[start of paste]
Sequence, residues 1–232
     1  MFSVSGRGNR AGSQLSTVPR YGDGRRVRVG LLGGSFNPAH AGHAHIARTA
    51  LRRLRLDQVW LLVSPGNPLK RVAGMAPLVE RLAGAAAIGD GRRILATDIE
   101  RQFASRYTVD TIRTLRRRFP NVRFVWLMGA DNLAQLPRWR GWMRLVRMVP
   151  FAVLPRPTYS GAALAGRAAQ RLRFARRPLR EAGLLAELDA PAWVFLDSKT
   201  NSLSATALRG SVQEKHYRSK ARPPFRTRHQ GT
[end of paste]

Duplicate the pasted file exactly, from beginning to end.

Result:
Sequence, residues 1–232
     1  MFSVSGRGNR AGSQLSTVPR YGDGRRVRVG LLGGSFNPAH AGHAHIARTA
    51  LRRLRLDQVW LLVSPGNPLK RVAGMAPLVE RLAGAAAIGD GRRILATDIE
   101  RQFASRYTVD TIRTLRRRFP NVRFVWLMGA DNLAQLPRWR GWMRLVRMVP
   151  FAVLPRPTYS GAALAGRAAQ RLRFARRPLR EAGLLAELDA PAWVFLDSKT
   201  NSLSATALRG SVQEKHYRSK ARPPFRTRHQ GT